Schnoebelen identifies Aleister Crowley as the key figure in his occult life, but gets many of the details about Crowley’s life and work seriously wrong. He claims Crowley was “probably the most highly honored Mason in the world”. In the recent Crowley autobiography Perdurabo, however, author Richard Kaczynski states that Crowley was not recognized as a Mason at all. Nor was Crowley a raper of children who “boasted of slaughtering 150 boys in a single year.” Crowley did write of child sacrifice in his book Magick in Theory and Practice, but made it clear that not everything in the book should be taken literally. There is no evidence that he ever physically harmed a child. On the contrary, most children enjoyed his company.
Schnoebelen also blames Crowley for Hitler, the Tunguska explosion, and “Transyuggothian magick“. Like John Todd, he suggests that H.P. Lovecraft had access to secret knowledge about demonic/alien entities. He says the Simon Necronomicon contains about half of the “real” Necronomicon, which is utter b.s. He points out that in both “The Shadow Over Innsmouth” and “The Dunwich Horror”, human women breed with nonhuman creatures. “I believe these stories are absolutely true…” (1)

Schnoebelen claims the Royal Secret of Scottish Rite Freemasonry is the sodomy of young boys, which occultists believe allows them to access a realm of “trans-Plutonian space” and gives them an illusion of immortality. He says even “good” Masons can be drawn into pedophilia and homosexuality. (1)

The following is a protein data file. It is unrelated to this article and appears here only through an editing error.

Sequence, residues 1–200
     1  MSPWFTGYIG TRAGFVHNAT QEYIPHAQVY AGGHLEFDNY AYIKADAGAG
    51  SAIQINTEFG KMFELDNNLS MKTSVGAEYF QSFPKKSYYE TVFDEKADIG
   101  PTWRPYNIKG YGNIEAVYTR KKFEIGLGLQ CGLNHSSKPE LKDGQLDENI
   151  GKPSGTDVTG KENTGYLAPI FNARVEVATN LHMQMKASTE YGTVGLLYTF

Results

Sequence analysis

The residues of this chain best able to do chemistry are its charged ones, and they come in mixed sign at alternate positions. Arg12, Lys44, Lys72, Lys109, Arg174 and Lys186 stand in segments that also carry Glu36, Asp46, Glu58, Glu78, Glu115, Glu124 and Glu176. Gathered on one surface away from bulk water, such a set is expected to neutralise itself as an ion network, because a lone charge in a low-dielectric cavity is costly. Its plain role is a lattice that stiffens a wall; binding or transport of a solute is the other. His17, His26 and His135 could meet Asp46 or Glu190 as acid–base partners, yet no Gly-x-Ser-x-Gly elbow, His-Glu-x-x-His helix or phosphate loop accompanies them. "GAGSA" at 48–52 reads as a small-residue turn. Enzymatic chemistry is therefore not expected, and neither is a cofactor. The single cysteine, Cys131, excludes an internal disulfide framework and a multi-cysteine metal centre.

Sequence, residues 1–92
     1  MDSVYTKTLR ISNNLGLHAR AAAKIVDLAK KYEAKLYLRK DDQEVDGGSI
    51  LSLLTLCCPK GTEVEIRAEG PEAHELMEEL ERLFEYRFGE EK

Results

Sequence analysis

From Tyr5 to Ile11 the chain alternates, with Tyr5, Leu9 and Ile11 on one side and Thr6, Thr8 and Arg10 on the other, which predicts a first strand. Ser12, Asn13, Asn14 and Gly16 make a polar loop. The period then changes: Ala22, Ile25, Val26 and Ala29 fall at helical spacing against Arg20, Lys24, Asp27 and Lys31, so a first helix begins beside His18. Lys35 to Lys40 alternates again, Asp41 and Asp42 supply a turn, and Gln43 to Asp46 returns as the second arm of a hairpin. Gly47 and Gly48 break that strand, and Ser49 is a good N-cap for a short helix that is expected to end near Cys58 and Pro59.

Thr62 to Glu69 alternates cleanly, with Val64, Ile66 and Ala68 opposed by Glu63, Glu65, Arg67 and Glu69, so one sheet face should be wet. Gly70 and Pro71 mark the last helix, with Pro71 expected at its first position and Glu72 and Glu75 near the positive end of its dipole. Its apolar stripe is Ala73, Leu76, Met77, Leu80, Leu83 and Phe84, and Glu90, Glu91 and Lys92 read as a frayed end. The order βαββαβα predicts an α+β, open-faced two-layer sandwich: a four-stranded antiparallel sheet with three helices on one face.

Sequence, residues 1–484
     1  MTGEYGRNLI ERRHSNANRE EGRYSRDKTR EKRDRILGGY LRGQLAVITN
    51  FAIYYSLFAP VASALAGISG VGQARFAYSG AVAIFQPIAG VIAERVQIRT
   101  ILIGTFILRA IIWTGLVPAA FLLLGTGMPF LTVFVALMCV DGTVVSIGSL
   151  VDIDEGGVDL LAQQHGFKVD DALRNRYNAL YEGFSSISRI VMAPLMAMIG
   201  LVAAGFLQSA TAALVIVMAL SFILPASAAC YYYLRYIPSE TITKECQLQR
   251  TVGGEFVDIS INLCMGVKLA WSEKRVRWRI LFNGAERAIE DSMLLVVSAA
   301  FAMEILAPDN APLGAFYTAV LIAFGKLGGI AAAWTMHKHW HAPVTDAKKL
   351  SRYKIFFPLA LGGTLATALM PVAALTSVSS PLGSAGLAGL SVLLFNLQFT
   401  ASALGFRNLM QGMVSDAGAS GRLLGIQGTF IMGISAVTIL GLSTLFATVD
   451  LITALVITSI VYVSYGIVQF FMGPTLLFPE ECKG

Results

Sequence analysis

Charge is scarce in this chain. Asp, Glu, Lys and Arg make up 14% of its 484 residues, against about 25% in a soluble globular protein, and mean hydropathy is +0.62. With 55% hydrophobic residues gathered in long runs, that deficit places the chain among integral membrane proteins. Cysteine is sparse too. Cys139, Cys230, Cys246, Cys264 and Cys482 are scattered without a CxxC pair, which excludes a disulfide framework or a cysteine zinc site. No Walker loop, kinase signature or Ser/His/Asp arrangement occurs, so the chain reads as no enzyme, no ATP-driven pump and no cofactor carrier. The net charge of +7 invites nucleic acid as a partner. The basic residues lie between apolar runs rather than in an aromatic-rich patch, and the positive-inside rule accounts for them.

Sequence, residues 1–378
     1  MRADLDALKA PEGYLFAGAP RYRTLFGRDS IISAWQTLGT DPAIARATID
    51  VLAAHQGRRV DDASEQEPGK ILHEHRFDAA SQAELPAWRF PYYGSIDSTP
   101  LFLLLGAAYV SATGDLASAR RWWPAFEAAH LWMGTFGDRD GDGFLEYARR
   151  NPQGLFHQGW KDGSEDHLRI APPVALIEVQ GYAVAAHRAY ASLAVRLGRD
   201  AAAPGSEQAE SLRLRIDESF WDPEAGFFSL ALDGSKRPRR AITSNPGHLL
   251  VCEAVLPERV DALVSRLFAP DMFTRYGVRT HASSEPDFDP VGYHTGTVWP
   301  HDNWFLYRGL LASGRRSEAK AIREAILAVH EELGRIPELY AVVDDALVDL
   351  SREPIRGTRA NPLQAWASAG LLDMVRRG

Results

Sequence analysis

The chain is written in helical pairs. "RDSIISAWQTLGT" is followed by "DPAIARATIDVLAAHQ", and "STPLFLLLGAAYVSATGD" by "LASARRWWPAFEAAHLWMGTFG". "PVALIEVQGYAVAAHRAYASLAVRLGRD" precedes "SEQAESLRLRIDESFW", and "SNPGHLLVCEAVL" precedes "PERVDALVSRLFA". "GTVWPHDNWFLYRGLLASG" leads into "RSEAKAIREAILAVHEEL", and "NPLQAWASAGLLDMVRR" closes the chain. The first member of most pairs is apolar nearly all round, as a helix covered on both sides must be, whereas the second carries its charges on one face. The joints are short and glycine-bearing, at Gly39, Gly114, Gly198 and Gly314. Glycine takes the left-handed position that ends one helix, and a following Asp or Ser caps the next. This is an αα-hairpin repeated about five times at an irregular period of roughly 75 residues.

Again, he’s betraying a total ignorance of sexual orientation and attributing atrocious crimes to an organization that is, for the most part, benevolent. Predatory pedophiles are not over-represented in Freemasonry, and no occult tradition requires one to rape children.

Schnoebelen makes similar allegations against Michael Aquino, founder of the Temple of Set. He says Aquino was charged of child abuse three times, but the charges didn’t stick “probably because of government involvement.” (1)
First off, it was the government (the military) who investigated Aquino in the first place. Secondly, he was never charged with any crime. The investigations dead-ended, not because of government intervention but because the allegations were made by hysterical parents who feared that Colonel Aquino, an out-of-the-closet Satanist, was the child-raping, virgin-slaying devil of modern legend. It is very interesting that Aquino was never accused of a single crime until he outed himself as a Satanist.